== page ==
Nestle-Aland, Novum Testamentum Graece, 27th Revised Edition, edited by Barbara Aland, Kurt Aland, Johannes Karavidopoulos, Carlo M. Martini, and Bruce M. Metzger in cooperation with the Institute for New Testament Textual Research, Münster/Westphalia, © 1993 Deutsche Bibelgesellschaft, Stuttgart. Used by permission. Permissions notice: The ESV text may be quoted (in written, visual, or electronic form) up to and inclusive of one thousand (1,000) verses without express written permission of the publisher, provided that the verses quoted do not amount to a complete book of the Bible nor do the verses quoted account for 50 percent or more of the total text of the work in which they are quoted.

Publication of any commentary or other Bible reference work produced for commercial sale that uses the English Standard Version (ESV) must include written permission for use of the ESV text. Permission requests that exceed the above guidelines must be directed to Crossway, Attn: Bible Rights, 1300 Crescent Street, Wheaton, IL 60187, USA. Permission requests for use of the anglicized ESV Bible text that exceed the above guidelines must be directed to: HarperCollins Religious, 77-85 Fulham Palace Road, Hammersmith, London

Crossway is a not-for-profit publishing ministry that exists solely for the purpose of publishing the Good News of the Gospel and the Truth of God’s Word, the Bible. A portion of the purchase price of every ESV Bible is donated to help support Bible distribution ministry around the world.

Now, my own simple opinion is just this:  to speak of one’s version or translation or textual apparatus or collection of texts as “God’s Word” and then to call it God’s gift, God’s free gift, and then to require payment for it beyond certain arbitrary if legal free sharing allowances – to speak this way – requires rhetoric.)

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9 Comments leave one →
  1. Dana Ames permalink
    December 29, 2012 9:41 am

    Happy New Year to you, Kurk, and all the BLT writers-

    One thing I began to notice several years ago, with my extremely meager Greek knowledge, was that in the NT the phrase “word of God” almost always refers to Jesus; if the writers want to indicate the OT, they use graphe.

    Neither in the Orthodox Church is the phrase “Word of God” indicative of scripture. More commonly it is translated “God the Word” and always indicates Jesus, as per Jn 1. When talking about graphe, it is scripture or the bible, or the prophets, psalms, etc.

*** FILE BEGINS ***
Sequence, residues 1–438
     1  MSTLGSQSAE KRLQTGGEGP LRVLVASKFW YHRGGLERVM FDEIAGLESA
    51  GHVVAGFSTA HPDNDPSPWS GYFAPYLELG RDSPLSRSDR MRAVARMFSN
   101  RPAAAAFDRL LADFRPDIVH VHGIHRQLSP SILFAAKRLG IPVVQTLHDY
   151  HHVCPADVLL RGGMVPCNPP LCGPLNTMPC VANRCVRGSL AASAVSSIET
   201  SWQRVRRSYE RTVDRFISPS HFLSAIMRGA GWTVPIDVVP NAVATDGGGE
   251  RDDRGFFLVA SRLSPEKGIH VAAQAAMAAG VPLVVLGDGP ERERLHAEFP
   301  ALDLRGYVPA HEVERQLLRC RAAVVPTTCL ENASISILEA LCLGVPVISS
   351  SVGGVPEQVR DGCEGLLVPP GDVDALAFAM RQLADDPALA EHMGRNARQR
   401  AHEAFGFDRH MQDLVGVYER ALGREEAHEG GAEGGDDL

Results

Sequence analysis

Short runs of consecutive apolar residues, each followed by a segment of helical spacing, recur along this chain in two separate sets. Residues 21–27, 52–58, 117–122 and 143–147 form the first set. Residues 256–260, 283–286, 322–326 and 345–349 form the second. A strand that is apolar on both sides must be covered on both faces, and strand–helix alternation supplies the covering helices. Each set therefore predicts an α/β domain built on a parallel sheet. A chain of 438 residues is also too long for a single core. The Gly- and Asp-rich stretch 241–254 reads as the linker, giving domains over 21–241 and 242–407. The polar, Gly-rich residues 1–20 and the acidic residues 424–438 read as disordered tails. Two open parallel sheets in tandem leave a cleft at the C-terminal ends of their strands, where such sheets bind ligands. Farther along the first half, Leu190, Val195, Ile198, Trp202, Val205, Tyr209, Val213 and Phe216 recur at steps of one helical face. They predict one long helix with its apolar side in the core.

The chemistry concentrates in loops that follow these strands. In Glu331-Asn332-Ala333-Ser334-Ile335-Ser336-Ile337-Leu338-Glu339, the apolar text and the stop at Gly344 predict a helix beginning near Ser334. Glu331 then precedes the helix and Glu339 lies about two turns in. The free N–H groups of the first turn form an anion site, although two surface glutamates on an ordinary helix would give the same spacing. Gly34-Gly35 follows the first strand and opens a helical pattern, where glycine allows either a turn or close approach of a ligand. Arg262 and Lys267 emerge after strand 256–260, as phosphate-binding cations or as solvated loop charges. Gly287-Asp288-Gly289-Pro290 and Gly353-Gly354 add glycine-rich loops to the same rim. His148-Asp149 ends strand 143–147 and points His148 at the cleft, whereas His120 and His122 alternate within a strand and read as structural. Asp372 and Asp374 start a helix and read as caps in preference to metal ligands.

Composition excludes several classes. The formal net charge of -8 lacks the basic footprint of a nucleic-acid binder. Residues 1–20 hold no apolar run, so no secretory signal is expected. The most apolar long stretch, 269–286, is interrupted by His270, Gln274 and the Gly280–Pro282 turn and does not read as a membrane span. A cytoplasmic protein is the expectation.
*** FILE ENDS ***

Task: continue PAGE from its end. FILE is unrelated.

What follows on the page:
Dana

  2. December 29, 2012 9:58 am

    Happy New Year to you, Dana! Thank you for your comment. It’s useful, I think, to read Greek in community, and I very much appreciate your sharing with us what the Orthodox Church tends to do with the phrases you highlight here. The more I read Greek, the more meager my knowledge of it I confess. How terms become bounded and narrowed and technicalized, if you will, is of huge interest to me, nonetheless, especially when certain groups of interpreters will use their interpretations to exclude others. “Word” itself is an interesting word, and when it’s “logos” or ὁ Λόγος τοῦ θεοῦ, then to apply that to texts that one includes essentially and what one does not include necessarily as “The Bible” seems to be a very troublesome thing to do. As you point out, not all readers read this that way. The ways of knowing, our epistemologies if you will, and our philosophies of language and our practices with translation seem to be the key issue.

  3. lamont permalink
    December 31, 2012 12:26 pm

    The dialectic syllogism that seems most apparent:

    The Word of God is a free gift to everyone;
    this newly translated text is the Word of God;
    therefore this newly translated text is a free gift to everyone.

    Obviously, one or more premise(s) are not true.

    What they are engaging in is deliberate confusion, bordering on harry frankfurt’s bullshit.

  4. December 31, 2012 12:43 pm

    Lamont,
    Your comment went to spam because of your language here not your opinion. I think you may have seen mine expressed at the end of my post — those writers for the Deutsche Bibelgesellschaft are using a rhetorical syllogism to persuade readers that there have to be copyrighted restrictions on the good work of so many, even if they (or any of us) all agree that it’s Gottes Wort. The dialectic syllogism you suggest is more logic than rhetoric.

  5. james jordan permalink
    November 25, 2013 3:36 pm

    The Textus Receptus is free. Seems the only reason they keep coming out with a new Greek text all the time is to get your money. Its not like anything of substance ever changes in their new Greek text. They are NOT going to take out the Gnostic interpolations like Ephesians 2:8-9 and Philippians 2:13 despite these being missing in the earliest manuscript of the Pauline epistles (P46); they don’t even mention that in the apparatus. So just stick with the Textus Receptus and it will be free. You can also remove interpolations yourself for free with a magic marker.

Trackbacks

  1. Nestle-Aland Greek New Testament 28th Edition Online for Free
  2. Keep ‘em coming back with the December Biblical Studies Carnival | Words on the Word
  3. NA28 editions (ESV, NRSV, REB) « BLT
  4. The NA28-NRSV-REB text | BLT